Cover Story: End-of-year parties in Brazil


End-of-year parties in Brazil : the curious mix of festive traditions, rituals and games draw both comparison and contrast to celebrations in the UK

In most countries around the world the much anticipated end-of-year celebrations usually take place on the same dates. However, as well as the obvious climatic contrasts, they are also defined by notable cultural differences, customs and traditions, as is the case with Brazil.

Christmas in Brazil is the temporal opposite to the cold scenario in England and coincides with the peak of tropical summer. For this reason alone the air conditioning is just as important as the guests at a family reunion. However, the image of Santa Claus in Brazil is exactly the same as that of the northern hemisphere, with his heavy red clothes, his reindeers and his sleigh. Brazilians could, perhaps, adopt a tropical version of Santa Claus, sporting a bathing suit, riding a surfboard and rehydrating himself with coconut water, don’t you think? It might be more appropriate given the hot reality of the Brazilian Christmas.

In general, despite the geographical distance, Brazilian Christmas traditions speak mostly to the country’s Portuguese heritage – imported at the time of colonisation – but also share similar elements to British yuletide festivities. Latin religious symbolism, such as any typical Nativity Scene, alongside Christmas trees decorated with lights, tinsel and ornaments are commonplace in Brazilian homes from the beginning of December.

Games like Amigo Secreto (“Secret Friend”) as it is known in São Paulo or Amigo Oculto (“Hidden Friend”) in Rio de Janeiro are also very popular variants of Secret Santa in the UK. The ritual consists of drawing names from a hat, and buying a gift for that person without disclosing who your secret/hidden friend is. On Christmas Day, you get together and in turn give clues as to who you have bought the gift for, allowing the rest of the group to guess who the recipient is. It is a fun way of socialising and bringing people together – in the same way that Christmas crackers do in the UK.

One of the most significant differences in traditions is when families eat Christmas dinner and exchange gifts. While in the UK children usually hang up their stockings by the fireplace before going to bed on Christmas Eve in the hope that Santa will leave presents to be opened the following morning, children in Brazil are not usually required to be so patient. ‘O Bom Velhinho’ (The Good Old Man) – as he is also known locally – usually makes his stop before midnight on the 24th, when families gather at home to exchange gifts.

On the same night, after all the unwrapping, the whole family sits at the table to celebrate with a hearty Christmas dinner. The preferred Christmas dishes in Brazil range from salted cod – another strong Portuguese influence – pork, turkey or roast chicken breast (also locally known as chester). The traditional accompaniments are often rice with raisins, salads, dried fruit and a good portion of farofa (stuffing). For dessert Brazilians usually eat pastries, tropical fruits and ice cream to refresh the palate and cool down from the heat – which is quite a significant departure from the delicious, flaming Christmas pudding in the UK!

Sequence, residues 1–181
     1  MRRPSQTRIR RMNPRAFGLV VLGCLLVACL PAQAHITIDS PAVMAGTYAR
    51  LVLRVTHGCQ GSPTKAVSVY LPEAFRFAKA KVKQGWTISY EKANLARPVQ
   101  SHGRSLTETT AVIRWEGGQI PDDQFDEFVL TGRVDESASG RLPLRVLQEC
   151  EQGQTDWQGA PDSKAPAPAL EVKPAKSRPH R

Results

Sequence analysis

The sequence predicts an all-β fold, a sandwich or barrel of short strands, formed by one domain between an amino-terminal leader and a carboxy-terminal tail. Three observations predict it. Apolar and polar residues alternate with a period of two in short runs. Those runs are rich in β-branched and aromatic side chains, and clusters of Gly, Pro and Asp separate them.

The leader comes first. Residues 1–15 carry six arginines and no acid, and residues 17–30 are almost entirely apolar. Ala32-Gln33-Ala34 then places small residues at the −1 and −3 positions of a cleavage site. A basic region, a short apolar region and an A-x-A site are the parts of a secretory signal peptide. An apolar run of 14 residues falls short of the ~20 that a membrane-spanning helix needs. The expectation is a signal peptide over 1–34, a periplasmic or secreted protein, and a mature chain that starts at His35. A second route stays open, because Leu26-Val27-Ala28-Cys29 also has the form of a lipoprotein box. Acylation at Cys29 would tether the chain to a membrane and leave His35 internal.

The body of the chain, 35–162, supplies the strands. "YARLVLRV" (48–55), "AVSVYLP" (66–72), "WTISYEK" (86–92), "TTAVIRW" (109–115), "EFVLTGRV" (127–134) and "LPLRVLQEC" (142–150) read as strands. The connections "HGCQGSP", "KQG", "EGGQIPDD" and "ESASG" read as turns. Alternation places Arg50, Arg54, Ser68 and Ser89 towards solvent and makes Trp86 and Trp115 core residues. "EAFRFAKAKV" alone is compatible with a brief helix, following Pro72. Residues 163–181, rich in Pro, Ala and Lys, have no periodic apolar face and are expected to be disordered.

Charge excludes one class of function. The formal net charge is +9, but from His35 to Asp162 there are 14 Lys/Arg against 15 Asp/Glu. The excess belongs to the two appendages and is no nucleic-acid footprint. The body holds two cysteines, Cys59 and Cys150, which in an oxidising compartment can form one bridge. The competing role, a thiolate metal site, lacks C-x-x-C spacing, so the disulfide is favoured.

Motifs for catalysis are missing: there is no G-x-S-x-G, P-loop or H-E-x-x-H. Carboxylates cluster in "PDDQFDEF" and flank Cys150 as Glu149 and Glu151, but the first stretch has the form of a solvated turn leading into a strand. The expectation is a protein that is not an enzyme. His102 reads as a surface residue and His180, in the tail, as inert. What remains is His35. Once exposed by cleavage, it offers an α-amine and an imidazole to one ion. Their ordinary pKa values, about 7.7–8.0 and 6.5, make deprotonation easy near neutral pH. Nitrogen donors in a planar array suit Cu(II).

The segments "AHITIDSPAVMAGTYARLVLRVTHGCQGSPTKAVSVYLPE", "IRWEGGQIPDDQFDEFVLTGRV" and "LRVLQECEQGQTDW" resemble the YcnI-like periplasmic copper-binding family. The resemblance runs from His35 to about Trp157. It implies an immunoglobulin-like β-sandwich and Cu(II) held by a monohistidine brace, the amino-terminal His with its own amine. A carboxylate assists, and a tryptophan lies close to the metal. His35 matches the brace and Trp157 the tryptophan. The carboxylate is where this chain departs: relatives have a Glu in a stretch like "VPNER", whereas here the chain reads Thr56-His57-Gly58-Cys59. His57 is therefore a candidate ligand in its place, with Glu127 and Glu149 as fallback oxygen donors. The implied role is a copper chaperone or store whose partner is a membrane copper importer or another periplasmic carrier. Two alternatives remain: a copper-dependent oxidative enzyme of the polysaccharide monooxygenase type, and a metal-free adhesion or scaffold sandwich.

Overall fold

One week later and it is on to the New Year. The UK celebrates the turn of the year two hours before Brazil, the summer time difference reduced from four hours to two thanks to daylight savings.

In Brazil, given the fact it is high summer, New Year’s Eve – or Réveillon, the French word widely used by Brazilians – is commonly celebrated on the beach and is synonymous with partying, happiness and high spirits. With concerts, shows and firework displays it is widely considered to be the second largest celebration in the country, after Carnival.

Unlike in the UK, where revellers seek refuge from the intense cold soon once Big Ben’s chimes and subsequent fireworks are done with, the street parties and festivities on the sandy shores of Brazil carry on until sunrise.

Notoriously spiritual and superstitious, Brazilians like to dress in white for the evening to bring peace. As soon as the clock strikes midnight, partygoers run to the water’s edge, take off their sandals and jump seven waves in the sea with their right foot forward for good luck.

Songs like “Adeus Ano Velho, Feliz Ano Novo” (Goodbye Old Year, Happy New Year) – a variation of the British “Auld Lang Syne” – are also common in Brazil, whilst friends and family embrace each other and make toasts with sparkling wine or champagne  – more common than whiskey or gin in Brazil.

The New Year superstitions of some Brazilians also include exotic and interesting influences of African origin, as is the custom of placing small boats or baskets in the sea, carrying flowers, perfumes, jewellery and other offerings to a sea goddess who, according to legend, is a fan of receiving such gifts.